At age 64, Mary Miller feels like she's just learning to walk.
The Medford resident quickly bounced back from hip-replacement surgery in December but recently "felt wobbly." An April workshop at Rasa Center for Yoga and Wellness showed Miller how to put her best foot forward.
More than mere walking, "gait therapy" is a system for moving the body that stretches, strengthens, improves balance, eases pain and ultimately prevents injuries. Certified therapist Jamie Elmer knows better than most the unexpected benefits of changing one's stride.
"I was in constant pain every day," says Elmer of lower-back aches that sometimes kept her in bed for a week. "I feel like this work completely saved me from surgery."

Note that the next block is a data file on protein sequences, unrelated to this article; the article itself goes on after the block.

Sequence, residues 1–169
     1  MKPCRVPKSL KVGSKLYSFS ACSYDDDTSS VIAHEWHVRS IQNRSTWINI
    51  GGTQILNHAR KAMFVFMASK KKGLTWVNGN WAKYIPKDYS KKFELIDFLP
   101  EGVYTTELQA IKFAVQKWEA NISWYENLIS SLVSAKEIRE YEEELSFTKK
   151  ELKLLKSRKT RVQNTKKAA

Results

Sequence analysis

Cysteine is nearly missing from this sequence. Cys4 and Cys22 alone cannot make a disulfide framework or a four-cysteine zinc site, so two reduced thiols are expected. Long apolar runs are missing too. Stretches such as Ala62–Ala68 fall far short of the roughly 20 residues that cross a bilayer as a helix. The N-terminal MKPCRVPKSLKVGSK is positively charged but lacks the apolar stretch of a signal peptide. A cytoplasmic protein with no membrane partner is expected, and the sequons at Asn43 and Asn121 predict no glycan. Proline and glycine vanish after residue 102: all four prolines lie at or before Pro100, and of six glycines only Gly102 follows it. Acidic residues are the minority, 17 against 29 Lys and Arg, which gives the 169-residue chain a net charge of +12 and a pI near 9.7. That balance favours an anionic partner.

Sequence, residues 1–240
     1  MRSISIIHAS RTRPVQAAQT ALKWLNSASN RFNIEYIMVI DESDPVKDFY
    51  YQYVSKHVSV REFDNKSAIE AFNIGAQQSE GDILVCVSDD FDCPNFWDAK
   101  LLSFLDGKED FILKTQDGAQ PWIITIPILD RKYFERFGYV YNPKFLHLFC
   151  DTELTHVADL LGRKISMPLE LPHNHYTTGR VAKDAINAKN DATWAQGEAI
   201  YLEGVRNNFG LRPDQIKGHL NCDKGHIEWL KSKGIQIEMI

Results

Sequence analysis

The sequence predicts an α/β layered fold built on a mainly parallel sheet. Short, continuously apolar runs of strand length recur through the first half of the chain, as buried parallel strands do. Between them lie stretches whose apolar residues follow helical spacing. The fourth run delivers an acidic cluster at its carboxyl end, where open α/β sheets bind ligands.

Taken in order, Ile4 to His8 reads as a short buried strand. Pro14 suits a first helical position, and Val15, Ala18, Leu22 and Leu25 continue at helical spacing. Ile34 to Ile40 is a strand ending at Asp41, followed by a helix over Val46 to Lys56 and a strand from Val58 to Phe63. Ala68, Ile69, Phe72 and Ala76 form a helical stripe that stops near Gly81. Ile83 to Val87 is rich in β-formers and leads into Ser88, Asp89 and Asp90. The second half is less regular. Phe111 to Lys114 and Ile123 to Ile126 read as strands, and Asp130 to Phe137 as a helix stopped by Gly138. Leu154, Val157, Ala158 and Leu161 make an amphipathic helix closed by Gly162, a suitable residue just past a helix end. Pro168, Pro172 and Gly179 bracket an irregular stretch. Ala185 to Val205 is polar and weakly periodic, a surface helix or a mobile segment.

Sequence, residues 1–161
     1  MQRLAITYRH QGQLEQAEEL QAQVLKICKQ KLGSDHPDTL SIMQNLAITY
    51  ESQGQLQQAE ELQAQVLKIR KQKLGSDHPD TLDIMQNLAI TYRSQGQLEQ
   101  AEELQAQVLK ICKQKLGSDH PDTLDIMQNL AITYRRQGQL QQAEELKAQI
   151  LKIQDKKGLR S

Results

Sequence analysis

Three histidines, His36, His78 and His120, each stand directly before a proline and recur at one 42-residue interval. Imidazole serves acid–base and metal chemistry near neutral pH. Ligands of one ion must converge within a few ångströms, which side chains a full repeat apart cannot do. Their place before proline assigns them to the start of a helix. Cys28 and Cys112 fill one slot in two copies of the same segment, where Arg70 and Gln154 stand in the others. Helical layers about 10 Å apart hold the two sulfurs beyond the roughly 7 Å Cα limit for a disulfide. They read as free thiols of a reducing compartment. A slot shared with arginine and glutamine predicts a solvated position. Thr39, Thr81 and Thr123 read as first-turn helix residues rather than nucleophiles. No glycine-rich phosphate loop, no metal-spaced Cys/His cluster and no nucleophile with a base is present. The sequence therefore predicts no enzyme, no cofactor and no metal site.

Ten years ago, a yoga instructor told Elmer, now 33, to seek out physical therapist Sherry Brourman in Santa Monica, Calif. Brourman, in 1998, published "Walk Yourself Well," a 312-page manual of the techniques she developed in response to her own unexpected and debilitating back pain. Squeezing her stomach and back muscles together, while shifting her weight slightly forward, dulled Brourman's stabbing sensations and over time stabilized her spine enough to heal.
Like most gait-therapy patients, Elmer says she was deeply skeptical of how altering the way she walked could possibly alleviate pain. The lifelong dancer walked into Brourman's office like the consummate ballerina: toes pointed out at an extreme angle, hips thrust forward and lower back tightly compressed.
"Most people are pretty surprised at some of the habits they have," says Elmer, including herself in that category.